Suppose you are a GIS novice roughly thrown by your manager to implement a project which is supposed to work for some third-party GIS. The technical assignment is quite abstract leaving you with a slight feeling of nausea creeping up your throat because you're not familiar with the terms used in it.
Your TA says that you are given an XML data with GPS coordinates of your city jams. You are to create something to generate PNG files. Those files are called tiles each of 256x256 pixels. The files are generated to directories. Each directory is named after the zoom coefficient from 8 to 17. The idea behind this is to map a GPS coordinates (latitude and longitude) to the Cartesian plain (X/Y), calculate the size of the pixel in meters according to the zoom coefficient and draw the polyline through one or more PNG files (tiles). The result which must be in the end is shown on pic. 1 and pic. 2.
The city at rush hour covered with jams forming its rough map. The entire city fits one tile at zoom 8.
Mercator Projection Short and Sweet
The GPS uses Geographic Coordinate System. In short, the latitude is an angle from a particular point to the equator line, and the longitude is an angle to pole-to-pole line. We have to project (transform) these angles to the Cartesian plain (X/Y). But projecting from angles which represent a point on the spherical surface means distortion. The mankind tried to diminish this distortion for many a year through adopting various projections of the Globe onto the plain surface. The revolution came with appearance of the Mercator projection. From that time on sailors could use a compass and a map to plot their voyages.
This template project uses the sinusoidal aka elliptical Mercator projection according to which the Earth is not a sphere but an oblate spheroid flattened at the poles. One may imagine this projection as the interior of the spheroid whilst the original Mercator projection as the interior of the cylinder sacrificing the poles.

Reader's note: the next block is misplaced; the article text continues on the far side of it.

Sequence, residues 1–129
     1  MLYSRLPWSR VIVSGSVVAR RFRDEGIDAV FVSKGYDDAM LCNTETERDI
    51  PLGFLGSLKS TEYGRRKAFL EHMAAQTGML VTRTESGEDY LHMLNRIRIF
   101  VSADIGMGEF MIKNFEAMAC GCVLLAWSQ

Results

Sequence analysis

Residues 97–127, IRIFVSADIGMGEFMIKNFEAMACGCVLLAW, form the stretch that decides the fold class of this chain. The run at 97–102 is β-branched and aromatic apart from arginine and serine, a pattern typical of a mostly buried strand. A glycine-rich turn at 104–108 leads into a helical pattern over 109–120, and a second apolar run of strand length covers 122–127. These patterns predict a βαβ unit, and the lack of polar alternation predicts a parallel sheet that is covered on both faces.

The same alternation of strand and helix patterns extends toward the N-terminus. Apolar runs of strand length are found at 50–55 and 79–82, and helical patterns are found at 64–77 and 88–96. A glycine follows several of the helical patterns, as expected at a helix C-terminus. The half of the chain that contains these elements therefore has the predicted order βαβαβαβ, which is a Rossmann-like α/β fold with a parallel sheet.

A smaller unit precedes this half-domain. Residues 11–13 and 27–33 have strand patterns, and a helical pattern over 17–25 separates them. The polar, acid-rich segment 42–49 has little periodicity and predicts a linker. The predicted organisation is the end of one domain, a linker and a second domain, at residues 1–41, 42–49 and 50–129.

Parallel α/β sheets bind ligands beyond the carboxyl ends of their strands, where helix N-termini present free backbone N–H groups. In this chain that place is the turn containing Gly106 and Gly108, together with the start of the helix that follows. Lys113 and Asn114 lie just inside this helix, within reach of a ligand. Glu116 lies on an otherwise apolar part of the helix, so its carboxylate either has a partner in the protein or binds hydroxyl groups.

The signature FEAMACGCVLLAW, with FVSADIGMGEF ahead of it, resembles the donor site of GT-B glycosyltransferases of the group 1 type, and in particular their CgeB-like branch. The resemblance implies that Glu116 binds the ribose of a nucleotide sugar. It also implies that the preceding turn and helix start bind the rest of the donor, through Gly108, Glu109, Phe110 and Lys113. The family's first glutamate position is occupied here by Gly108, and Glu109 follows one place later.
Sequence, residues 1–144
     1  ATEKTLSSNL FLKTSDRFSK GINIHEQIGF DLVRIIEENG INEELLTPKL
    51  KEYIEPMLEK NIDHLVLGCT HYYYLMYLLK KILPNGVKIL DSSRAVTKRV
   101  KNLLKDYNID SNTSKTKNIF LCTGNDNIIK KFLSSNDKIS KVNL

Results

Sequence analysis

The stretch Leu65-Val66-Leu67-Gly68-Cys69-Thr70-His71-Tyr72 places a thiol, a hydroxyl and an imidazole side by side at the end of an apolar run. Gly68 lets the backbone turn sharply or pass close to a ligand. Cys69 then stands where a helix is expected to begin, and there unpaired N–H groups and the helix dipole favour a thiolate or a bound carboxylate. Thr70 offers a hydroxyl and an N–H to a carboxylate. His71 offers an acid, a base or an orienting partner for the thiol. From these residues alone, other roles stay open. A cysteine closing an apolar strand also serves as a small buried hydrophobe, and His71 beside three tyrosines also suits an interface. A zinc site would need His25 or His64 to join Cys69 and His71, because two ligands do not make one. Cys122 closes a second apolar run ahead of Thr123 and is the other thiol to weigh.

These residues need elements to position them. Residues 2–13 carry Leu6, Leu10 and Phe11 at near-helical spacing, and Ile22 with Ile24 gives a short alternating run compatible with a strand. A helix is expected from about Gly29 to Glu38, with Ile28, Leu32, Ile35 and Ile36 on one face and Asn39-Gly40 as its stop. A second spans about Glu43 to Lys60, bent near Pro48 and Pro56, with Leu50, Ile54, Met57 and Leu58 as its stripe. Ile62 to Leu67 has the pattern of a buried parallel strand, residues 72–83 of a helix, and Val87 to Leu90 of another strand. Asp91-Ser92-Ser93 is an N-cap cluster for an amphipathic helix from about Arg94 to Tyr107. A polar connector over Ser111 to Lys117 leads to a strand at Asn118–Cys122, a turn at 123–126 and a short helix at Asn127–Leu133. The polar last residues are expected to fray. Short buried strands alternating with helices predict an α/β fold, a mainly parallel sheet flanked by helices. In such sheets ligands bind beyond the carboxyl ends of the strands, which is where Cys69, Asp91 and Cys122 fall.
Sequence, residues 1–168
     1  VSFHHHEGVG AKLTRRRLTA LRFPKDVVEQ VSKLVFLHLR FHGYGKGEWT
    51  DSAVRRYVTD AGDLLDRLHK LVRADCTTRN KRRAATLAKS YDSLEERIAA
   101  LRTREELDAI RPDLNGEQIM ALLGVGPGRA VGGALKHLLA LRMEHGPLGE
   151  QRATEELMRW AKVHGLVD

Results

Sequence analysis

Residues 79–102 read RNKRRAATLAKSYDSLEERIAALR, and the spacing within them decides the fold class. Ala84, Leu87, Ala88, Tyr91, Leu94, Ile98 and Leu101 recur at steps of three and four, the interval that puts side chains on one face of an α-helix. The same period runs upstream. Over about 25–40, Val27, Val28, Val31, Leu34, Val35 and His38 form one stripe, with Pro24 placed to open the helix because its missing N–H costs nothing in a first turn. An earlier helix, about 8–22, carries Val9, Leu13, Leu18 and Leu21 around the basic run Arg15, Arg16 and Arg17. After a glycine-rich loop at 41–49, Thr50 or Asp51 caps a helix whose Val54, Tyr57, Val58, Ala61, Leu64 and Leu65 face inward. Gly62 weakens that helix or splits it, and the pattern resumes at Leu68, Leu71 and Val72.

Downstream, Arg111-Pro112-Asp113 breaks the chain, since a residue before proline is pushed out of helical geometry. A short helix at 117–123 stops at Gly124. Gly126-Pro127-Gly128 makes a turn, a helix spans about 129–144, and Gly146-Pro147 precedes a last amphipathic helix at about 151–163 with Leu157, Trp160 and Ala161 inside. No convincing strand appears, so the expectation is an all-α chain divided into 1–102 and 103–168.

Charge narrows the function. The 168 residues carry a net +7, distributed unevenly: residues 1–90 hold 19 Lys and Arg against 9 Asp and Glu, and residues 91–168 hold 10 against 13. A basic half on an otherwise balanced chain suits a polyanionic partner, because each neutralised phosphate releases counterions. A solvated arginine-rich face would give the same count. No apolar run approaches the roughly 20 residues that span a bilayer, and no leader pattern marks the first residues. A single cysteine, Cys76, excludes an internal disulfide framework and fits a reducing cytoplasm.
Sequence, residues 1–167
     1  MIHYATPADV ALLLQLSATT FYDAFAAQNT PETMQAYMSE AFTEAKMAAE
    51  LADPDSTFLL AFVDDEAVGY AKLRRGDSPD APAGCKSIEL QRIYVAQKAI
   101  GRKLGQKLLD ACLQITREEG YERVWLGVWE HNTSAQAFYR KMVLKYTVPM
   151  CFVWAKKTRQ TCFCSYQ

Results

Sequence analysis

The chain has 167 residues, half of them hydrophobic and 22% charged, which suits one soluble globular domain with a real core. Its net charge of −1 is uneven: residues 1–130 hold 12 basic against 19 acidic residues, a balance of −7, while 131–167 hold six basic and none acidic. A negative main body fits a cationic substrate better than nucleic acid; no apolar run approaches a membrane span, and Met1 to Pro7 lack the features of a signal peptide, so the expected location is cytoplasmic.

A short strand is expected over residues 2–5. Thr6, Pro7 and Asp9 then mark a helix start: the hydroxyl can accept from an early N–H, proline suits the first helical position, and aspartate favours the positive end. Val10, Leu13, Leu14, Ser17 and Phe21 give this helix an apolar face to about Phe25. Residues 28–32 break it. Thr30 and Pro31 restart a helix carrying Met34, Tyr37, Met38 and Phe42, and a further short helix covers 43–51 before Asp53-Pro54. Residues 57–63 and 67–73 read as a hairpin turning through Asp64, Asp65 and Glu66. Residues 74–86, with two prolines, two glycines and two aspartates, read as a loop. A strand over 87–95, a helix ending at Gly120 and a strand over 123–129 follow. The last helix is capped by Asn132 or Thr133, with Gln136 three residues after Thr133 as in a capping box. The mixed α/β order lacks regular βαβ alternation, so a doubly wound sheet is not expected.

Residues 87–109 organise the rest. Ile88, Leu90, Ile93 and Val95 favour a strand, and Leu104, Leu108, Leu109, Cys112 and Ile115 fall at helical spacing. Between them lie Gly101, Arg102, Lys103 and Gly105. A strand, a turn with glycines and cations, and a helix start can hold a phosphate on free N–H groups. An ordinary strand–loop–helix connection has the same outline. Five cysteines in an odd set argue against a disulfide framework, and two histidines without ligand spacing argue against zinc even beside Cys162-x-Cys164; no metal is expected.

When we talk about using a projection we talk about formulae. And almost any formulae need constants. As far as the map projections go, those constants are specified in the standard called datum. Most formulae nowadays use WGS84. According to this datum, the Earth is a spheroid with the major radius aka major semi-axis of 6,378,137 m in length.
Using the major radius, we can find the pixel size depending on the zoom coefficient. And that’s accomplished through this brilliant formula (refer to mathematicians for further comments)
r is the major radius,
n is a number of pixels in PNG file and
z is a zoom coefficient.
At rush hour the city is covered with jams, so the jams form its rough map. The whole city almost fits one tile at the smallest zoom (zoom 8 on pic. 1 above). We soar high above in the sky at the altitude of an air liner or even higher. One pixel is approximately 611 m. At the largest zoom (zoom 17) we descent much closer and hover a few meters off the ground. One pixel is almost one meter. While the entire city fits one tile at zoom 8 it is split between thousands of tiles at zoom 17. The result may be imagined as a grid as seen in pic. 2.
I spent too much time on finding intercepting points on the tile borders. Either due to graphic engine peculiarities or calculation inaccuracies a line in one tile would not fit slightly its continuation in another. Then I found out that the graphic engine is capable of clipping. That meant I had no longer to calculate intercepting points (I like calling them bordering points). The graphic library would do that for me. All I had to do was to calculate pixel coordinates of a particular point as seen from a particular tile. I had no longer to worry about the fact if the point is inside or outside the tile and create an intercepting point if it’s outside.